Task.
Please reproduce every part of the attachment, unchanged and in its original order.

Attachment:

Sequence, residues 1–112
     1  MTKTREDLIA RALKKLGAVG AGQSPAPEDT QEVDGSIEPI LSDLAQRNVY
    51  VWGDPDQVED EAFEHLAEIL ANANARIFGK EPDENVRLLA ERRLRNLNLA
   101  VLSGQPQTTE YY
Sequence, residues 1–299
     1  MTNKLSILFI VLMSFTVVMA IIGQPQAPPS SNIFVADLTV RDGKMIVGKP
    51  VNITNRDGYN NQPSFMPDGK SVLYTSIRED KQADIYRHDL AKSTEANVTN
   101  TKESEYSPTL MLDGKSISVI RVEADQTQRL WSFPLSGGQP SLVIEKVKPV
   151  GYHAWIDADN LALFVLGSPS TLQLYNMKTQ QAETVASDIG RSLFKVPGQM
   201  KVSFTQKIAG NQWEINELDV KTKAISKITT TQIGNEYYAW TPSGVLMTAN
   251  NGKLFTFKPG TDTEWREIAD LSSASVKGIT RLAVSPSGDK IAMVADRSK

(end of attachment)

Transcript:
Sequence, residues 1–112
     1  MTKTREDLIA RALKKLGAVG AGQSPAPEDT QEVDGSIEPI LSDLAQRNVY
    51  VWGDPDQVED EAFEHLAEIL ANANARIFGK EPDENVRLLA ERRLRNLNLA
   101  VLSGQPQTTE YY
Sequence, residues 1–299
     1  MTNKLSILFI VLMSFTVVMA IIGQPQAPPS SNIFVADLTV RDGKMIVGKP
    51  VNITNRDGYN NQPSFMPDGK SVLYTSIRED KQADIYRHDL AKSTEANVTN
   101  TKESEYSPTL MLDGKSISVI RVEADQTQRL WSFPLSGGQP SLVIEKVKPV
   151  GYHAWIDADN LALFVLGSPS TLQLYNMKTQ QAETVASDIG RSLFKVPGQM
   201  KVSFTQKIAG NQWEINELDV KTKAISKITT TQIGNEYYAW TPSGVLMTAN
   251  NGKLFTFKPG TDTEWREIAD LSSASVKGIT RLAVSPSGDK IAMVADRSK